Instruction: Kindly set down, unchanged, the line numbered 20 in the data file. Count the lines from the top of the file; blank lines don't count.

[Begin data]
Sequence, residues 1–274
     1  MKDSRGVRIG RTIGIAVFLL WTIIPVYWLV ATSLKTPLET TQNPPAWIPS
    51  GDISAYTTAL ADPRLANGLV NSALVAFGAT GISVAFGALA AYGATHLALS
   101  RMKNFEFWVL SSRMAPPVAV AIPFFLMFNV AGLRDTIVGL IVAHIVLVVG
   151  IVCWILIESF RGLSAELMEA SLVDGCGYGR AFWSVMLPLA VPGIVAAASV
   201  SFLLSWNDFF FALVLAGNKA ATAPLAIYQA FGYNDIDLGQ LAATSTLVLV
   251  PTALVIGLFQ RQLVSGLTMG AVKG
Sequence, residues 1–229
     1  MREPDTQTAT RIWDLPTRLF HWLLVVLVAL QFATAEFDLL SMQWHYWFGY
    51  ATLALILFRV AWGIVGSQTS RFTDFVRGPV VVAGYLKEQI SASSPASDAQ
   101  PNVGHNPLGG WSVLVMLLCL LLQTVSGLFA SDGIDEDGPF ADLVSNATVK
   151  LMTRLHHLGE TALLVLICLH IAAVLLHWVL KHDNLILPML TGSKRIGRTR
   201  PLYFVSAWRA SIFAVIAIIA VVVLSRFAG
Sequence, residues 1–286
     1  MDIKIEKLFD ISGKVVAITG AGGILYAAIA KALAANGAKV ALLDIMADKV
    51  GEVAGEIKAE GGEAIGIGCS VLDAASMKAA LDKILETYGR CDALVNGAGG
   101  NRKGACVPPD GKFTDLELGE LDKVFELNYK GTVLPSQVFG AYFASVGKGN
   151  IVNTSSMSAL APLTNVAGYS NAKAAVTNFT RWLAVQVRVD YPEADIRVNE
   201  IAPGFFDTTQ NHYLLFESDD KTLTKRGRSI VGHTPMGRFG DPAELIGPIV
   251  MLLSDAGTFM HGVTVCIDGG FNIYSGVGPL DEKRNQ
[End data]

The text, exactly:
   251  MLLSDAGTFM HGVTVCIDGG FNIYSGVGPL DEKRNQ